Shapiro Beer is Israel’s only craft brewery with its own YouTube channel—one with 900-plus subscribers, more than a million views, and viral videos. With little in the way of a marketing budget, brothers Daniel, Itzik, and Avi Shapiro turned to their friend Vanya Hyman and began producing short, goofy videos ending with their tagline “beer for everyone.” The brewing itself started out as a backyard hobby, with a home-brewing kit their older brother had brought back to Jerusalem from Milwaukee, their mother’s hometown. In 2011, the brothers three decided to start brewing commercially, and with brewmaster Yochai Kotler at the helm, the brewery now pumps out 15,000 liters per month. Shapiro Beer is straightforward—a pale ale, a wheat beer, and an oatmeal stout.
Drink it: Either at Sira—4 Ben Sira Street between Hillel and Queen Shlomzion Streets, Jerusalem (+972-2-623-4366)—or at Porter & Sons, 14 HaArba'a Street near Leonardo da Vinci Street in Tel Aviv (+972-3-624-4355).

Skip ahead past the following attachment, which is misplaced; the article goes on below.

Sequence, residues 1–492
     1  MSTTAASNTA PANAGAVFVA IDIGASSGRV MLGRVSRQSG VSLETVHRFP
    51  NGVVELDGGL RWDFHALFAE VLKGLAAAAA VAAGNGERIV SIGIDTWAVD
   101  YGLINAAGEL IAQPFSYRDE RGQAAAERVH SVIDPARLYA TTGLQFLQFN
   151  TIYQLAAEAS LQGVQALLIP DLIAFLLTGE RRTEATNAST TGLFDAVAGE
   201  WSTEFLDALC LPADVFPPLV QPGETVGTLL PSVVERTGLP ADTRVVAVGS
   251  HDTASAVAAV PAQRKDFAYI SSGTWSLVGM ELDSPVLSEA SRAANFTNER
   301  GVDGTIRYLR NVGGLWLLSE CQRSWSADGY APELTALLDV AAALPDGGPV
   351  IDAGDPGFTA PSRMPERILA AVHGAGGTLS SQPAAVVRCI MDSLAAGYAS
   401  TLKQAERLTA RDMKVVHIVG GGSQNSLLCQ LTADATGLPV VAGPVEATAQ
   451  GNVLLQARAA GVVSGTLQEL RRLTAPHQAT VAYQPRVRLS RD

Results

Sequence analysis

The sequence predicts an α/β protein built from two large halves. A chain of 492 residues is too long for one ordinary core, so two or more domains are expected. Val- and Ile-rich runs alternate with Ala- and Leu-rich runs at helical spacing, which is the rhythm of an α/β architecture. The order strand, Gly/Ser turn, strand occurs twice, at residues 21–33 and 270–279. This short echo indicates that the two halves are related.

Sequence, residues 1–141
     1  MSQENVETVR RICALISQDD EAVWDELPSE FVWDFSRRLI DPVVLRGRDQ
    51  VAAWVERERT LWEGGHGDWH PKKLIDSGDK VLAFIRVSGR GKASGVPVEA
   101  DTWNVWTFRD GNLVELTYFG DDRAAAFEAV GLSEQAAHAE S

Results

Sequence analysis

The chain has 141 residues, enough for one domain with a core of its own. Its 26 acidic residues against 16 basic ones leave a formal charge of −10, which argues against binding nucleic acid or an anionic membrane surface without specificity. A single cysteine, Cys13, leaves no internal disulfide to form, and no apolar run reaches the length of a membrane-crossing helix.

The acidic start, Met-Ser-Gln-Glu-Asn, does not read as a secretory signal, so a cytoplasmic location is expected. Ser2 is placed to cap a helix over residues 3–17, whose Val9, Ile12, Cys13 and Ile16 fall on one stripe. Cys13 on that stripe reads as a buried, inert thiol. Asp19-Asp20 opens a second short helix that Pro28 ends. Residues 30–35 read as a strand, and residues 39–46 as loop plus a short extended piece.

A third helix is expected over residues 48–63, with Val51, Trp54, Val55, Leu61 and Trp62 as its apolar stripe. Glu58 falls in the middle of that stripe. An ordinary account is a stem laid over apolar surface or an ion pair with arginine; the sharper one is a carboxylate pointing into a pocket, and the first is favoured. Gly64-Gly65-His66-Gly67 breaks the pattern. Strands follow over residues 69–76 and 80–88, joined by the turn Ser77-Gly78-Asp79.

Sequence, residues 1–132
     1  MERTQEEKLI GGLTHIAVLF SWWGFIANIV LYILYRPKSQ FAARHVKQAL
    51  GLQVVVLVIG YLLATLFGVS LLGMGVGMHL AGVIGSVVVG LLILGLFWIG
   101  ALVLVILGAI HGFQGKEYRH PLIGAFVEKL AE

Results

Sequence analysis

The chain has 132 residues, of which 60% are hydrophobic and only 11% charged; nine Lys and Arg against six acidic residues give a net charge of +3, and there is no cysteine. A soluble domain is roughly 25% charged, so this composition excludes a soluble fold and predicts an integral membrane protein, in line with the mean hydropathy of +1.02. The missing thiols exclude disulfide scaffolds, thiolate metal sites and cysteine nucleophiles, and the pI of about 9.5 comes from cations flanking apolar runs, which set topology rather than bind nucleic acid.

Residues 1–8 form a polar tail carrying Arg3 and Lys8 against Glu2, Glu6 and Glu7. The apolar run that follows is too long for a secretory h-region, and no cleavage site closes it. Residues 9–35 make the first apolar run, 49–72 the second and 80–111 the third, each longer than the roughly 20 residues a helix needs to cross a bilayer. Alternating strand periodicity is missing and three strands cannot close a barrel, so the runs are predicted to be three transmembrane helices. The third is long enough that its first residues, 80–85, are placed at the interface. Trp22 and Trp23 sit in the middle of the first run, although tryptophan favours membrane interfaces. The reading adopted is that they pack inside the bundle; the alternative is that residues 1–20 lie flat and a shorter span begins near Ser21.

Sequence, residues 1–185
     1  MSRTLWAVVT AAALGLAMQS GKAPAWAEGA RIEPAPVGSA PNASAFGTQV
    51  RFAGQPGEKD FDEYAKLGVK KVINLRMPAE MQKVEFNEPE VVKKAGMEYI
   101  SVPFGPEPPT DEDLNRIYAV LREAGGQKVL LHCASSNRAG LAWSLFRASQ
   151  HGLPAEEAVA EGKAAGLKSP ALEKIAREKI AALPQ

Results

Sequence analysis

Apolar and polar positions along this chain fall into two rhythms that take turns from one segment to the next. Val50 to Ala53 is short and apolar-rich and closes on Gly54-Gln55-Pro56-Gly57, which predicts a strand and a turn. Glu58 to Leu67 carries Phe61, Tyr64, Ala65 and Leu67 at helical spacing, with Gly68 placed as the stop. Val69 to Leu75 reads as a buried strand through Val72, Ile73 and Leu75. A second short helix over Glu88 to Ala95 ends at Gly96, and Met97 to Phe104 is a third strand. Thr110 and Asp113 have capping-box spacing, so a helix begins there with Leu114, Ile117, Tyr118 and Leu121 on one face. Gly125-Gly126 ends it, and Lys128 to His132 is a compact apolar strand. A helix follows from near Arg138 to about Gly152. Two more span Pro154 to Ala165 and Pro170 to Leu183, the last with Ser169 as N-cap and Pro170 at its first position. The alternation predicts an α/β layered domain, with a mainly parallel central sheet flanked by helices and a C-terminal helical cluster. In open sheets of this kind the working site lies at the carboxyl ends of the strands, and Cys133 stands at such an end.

8. Taybeh Brewing Company
Special mention must be made of Taybeh Brewing Company, a Palestinian brewery in the West Bank that’s been producing craft beer since 1994. There were no microbreweries in the Middle East in 1994. But after 20 years in the United States, brothers David and Nadim Khoury returned to their home village of Taybeh and wanted to support the village economy. Nadim parlayed his college-days homebrewing experience into commercial brewing and brought on his daughter, Madees, to brew alongside him. The Khourys keep it simple, with Golden, Amber, Light, Dark, and White beers. On a hot day, the white, made with local wheat, coriander, and orange peel, is like manna from heaven.
Drink it: At the brewery, 1 Taybeh Road, Taybeh, Ramallah District, +972-2-289-8868, and in stores and bars across the country.